Dear Colin. Thanks for your post. I, too, feel torn between the Old World and our home in California, having spent two months this spring back in Germany, accompanying my father for the last weeks of his life. All the more I appreciate that quote from the American Bill Bryson with his description of Britain and its accidental beauty in spite of its dense cultivation. The wilderness in the US, perhaps even more here in California, sometimes feels like a different planet. Driving to a trail is a world different from walking through the fields directly from your house. Anyway, lately I have felt like in a crack between two cultures, and, in my case, even between two languages. That lack of a real home had its advantages, too, in the end. It is easier to let go of what you never really grasped tightly, and see it for what it is, a temporary miracle. Love, Matthias

  8. Jacqueline Robson

    I lived in the U.K. for 10 years, and really didn’t want to move back to the States. I know how you feel, it’s a wonderful place, and wonderful people. At least you’ll be in Georgia, which is the best place over here. We’ll be glad to see you return!
    I’m so glad you are feeling well!

  9. Loni Shepherd Kreider

    I went thru Radical Forgiveness in 2013 with a great coach Kym Kennedy in Atlanta. My life changed forever and finally got married to my love in 2018. I joined a women’s church group in 2017 and I recently found out one of the members also loves Radical Forgiveness abs was having a workshop with Kym Kennedy!! I believe in that kind of connectedness and I didn’t think I needed it again but wanted to treat my best friend to the workshop. Little did I know I needed Radical Forgiveness once again. The CD is still in my car from 2013 🙂 I did not know you lived in Marietta where I grew up and live near now! I’m SO grateful for your teachings Colin!!! I have listened to the cd probably 20x since the workshop! You have changed my life Colin and I continue to talk to others about how amazing your book is!! Thank you from the bottom of my heart ?❤️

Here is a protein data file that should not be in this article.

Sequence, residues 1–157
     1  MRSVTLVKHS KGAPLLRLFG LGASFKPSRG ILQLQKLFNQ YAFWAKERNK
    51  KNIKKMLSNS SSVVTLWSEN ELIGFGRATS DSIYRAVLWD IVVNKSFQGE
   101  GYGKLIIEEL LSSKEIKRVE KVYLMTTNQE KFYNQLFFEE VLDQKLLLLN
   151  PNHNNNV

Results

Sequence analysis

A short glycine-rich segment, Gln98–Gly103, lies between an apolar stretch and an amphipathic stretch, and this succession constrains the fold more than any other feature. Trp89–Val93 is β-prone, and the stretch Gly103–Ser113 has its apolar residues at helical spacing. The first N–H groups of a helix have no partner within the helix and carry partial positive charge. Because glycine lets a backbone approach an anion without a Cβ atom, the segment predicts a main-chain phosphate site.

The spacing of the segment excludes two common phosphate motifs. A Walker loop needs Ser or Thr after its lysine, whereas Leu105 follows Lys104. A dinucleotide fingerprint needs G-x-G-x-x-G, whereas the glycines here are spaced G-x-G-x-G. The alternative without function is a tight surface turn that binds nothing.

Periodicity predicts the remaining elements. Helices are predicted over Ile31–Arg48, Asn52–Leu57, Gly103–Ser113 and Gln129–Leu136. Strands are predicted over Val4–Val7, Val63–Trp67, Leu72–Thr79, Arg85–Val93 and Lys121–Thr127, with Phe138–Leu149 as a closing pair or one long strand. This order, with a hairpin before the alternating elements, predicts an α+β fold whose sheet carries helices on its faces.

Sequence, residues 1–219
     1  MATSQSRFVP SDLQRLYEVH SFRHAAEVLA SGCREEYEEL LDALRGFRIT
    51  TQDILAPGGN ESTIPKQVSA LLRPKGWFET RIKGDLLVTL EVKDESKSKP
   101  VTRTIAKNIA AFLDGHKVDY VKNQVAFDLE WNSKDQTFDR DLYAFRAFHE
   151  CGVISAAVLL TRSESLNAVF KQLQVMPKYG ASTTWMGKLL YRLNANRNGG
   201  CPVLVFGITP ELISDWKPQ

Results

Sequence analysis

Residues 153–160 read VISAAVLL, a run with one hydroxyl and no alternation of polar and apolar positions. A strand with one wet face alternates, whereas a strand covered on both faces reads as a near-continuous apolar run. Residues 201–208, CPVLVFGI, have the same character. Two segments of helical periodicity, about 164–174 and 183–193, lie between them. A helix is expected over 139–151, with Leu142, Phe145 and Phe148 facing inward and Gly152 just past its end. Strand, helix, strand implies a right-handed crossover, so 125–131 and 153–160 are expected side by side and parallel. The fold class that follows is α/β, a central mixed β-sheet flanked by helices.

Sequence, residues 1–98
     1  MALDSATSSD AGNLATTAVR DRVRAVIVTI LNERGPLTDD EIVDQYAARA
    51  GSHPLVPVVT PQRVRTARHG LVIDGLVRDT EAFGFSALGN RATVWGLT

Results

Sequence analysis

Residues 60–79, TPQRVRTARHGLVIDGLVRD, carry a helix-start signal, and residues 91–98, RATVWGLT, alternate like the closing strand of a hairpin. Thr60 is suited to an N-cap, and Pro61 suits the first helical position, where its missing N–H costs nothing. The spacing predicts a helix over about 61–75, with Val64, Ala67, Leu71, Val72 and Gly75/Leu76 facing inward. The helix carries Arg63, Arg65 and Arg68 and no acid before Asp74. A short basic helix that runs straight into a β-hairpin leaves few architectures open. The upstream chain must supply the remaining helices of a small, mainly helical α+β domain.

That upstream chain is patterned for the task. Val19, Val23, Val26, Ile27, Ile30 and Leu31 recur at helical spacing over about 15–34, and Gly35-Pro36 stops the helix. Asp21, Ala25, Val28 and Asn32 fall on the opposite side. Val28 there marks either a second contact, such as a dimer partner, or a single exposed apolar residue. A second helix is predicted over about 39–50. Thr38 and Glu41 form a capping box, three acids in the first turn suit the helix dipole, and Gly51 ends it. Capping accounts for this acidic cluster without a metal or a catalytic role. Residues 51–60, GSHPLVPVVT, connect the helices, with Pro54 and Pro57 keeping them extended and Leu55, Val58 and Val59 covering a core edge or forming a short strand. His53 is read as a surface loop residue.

I’m SO happy you are doing better!! Stay Strong. You are the best!!

  10. Rebecca Henderson

    Dear Jo Ann
    Dave and I met you in the 5rhythms heartbeat in Atlanta.
    We remembered you so fondly, recently in Maui as we danced heart beat with our beloved Lucia Doug a d new baby Olivia.
    That Atlanta heart beat was Dave’s first dip into 5rhythms.
    He had an escape route planned…but Roz Mance English accent since she was standing in line behind him welcoming ….after we had spoken to her about snow the night before…..
    Then you were with us for a reflection…and again …you calmed his overstimulated fears and Catholic horizons of chaotic confusion over the installation and huge Headlands creative mixing of Almost Heaven West Virginia…John Denver song which was the first even vaguely familiar music for Dave.